The fence around the playground is currently 7 feet high and there was talk about perhaps putting a new, lower fence in around the area but there are (first we’ve heard of this…) concerns about the cost. When the fence was put in, Washington Square Park, interestingly enough, did not have a perimeter fence (the one that was put in is the current 3 feet high fence, the one being installed is 4 feet).

There will be a meeting on January 7th to discuss the playground in more depth.

* Dog Runs

The two dog runs – small dog run and large dog run – are being moved from within the park to the southern edge of the park. They will have multiple gates to hopefully prevent dogs from getting out into the street. The dog run advocates are still hoping that the dog runs will be enlarged. Although the large dog run is being expanded by 500 square feet, it is not considered large enough. Where the dog runs are being installed, there are some large trees which Mr. Vellonakis said would not be disturbed.

* Conservancy? — No, They Say

Bill Castro, Manhattan Borough Parks Commissioner, stated that there is “no plan to have a conservancy” at Washington Square Park. There are concerns amongst community members that because the Park’s budget is so high at this point and maintenance of the park will be costly that a private conservancy will be formed including NYU, the Tisches, the local BID(Business Improvement District), and real estate interests in the area. For reasons why, Conservancies spell trouble (they are basically BIDs), see here. (Link added later.)

There will however be more park enforcement rangers.

Bathrooms

Although the Washington Square Park Task Force and community members have stressed again and again that the bathroom repairs and upgrading are a priority and therefore should have been tackled in the first or maybe even the second phase, they have been relegated by the Parks Department to phase III. When asked again about this, the Parks Department response to this “high priority” was “we will get back to you on that.” There was this strained silence but also covert smiles amongst Bill Castro and George Vellonakis and it is clearly not taken seriously – at all.

* A comment that seemed to sum it all up:

Mary seemed to sum up the underlying community sentiment:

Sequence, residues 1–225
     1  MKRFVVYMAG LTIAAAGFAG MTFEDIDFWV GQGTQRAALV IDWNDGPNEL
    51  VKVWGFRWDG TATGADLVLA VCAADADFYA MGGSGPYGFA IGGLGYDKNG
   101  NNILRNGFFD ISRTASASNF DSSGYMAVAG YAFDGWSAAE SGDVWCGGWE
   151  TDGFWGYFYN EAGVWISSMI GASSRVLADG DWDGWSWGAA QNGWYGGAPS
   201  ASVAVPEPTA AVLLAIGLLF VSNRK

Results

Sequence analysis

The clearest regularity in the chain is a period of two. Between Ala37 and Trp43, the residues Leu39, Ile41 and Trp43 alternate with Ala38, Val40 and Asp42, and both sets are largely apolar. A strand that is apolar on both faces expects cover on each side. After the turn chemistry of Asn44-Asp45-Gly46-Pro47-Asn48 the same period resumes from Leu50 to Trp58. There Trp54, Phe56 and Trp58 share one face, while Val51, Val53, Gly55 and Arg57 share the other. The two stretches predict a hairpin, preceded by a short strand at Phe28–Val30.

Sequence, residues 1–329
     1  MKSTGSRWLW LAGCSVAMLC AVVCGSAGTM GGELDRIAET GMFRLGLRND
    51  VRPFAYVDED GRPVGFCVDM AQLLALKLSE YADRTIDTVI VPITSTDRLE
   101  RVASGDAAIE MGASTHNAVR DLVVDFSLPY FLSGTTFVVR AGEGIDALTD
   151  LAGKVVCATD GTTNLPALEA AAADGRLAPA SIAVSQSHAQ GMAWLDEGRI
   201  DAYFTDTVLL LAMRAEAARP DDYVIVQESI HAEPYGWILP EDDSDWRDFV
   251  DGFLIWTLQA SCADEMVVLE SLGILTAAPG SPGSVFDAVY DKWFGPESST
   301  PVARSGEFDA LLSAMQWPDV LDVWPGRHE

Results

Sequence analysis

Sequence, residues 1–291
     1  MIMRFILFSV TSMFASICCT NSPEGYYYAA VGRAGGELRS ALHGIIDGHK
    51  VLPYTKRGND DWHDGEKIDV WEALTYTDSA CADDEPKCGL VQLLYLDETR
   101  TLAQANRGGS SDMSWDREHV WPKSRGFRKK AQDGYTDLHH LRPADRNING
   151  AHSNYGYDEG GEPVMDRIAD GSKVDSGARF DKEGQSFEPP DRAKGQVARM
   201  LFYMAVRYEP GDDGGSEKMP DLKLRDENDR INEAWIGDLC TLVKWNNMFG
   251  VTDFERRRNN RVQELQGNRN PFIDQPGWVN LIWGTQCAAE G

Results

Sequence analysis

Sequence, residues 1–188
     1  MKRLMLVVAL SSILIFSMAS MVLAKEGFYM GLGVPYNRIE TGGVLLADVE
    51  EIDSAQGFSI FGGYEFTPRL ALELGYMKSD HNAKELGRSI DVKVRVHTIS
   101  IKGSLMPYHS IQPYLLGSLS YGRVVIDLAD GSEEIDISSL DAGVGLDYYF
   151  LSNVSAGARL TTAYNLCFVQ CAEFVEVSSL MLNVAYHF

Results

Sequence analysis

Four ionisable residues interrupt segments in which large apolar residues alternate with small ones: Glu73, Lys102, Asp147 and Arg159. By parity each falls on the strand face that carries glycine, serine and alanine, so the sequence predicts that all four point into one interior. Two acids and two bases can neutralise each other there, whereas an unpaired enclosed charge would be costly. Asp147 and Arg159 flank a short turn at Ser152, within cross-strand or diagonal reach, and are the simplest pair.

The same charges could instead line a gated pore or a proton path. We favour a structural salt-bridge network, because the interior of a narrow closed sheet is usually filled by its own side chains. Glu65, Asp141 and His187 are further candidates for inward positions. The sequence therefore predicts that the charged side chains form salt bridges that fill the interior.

“Washington Square Park keeps being compared [by the Parks Department] with [what’s done at] other parks. It is important to keep its character intact. A cookie cutter idea is not acceptable.”

Exactly.

New York Times calls for “Improving the Landmarks Process”

If you missed it, Saturday December 6th’s New York Times featured an editorial, “Improving the Landmarks Process,” on the Landmarks Preservation Commission, the focus of a series of articles.

The Times wrote:

Judge Marilyn Shafer of the New York State Supreme Court ruled last month that the New York City Landmarks Preservation Commission habitually acted in a manner that was “arbitrary and capricious” and ordered the commission to conduct its business in a more timely manner. Her conclusions are welcome and frustratingly familiar to New Yorkers.

Of course, as is the City’s tendency, The Times writes: “The City plans to appeal. Instead…”

it should reform the commission, which is all that stands between the enormous pressures for development in this city and its priceless architectural heritage.

In addition:

Part of the trouble is that the commission enjoys little political independence. The chairman serves at the mayor’s pleasure; the 11 unpaid commissioners see only the cases the chairman recommends. These are attributes that a pro-development mayor is not likely to want to change.

It was alarming to read that Robert Tierney, the present chairman, was appointed by Mayor Bloomberg five years ago to head the Landmarks Preservation Commission despite having “no background in architecture, planning or historic preservation.”

To read more about some of the Times‘ reporting on this as well as about Washington Square Park and the Landmarks Preservation Commission (actually, I did not even go into the full story which is far murkier than this post reveals), and a chance to see George Vellonakis’s tarnished testimony on the Park’s redesign plan before LPC, see this previous entry.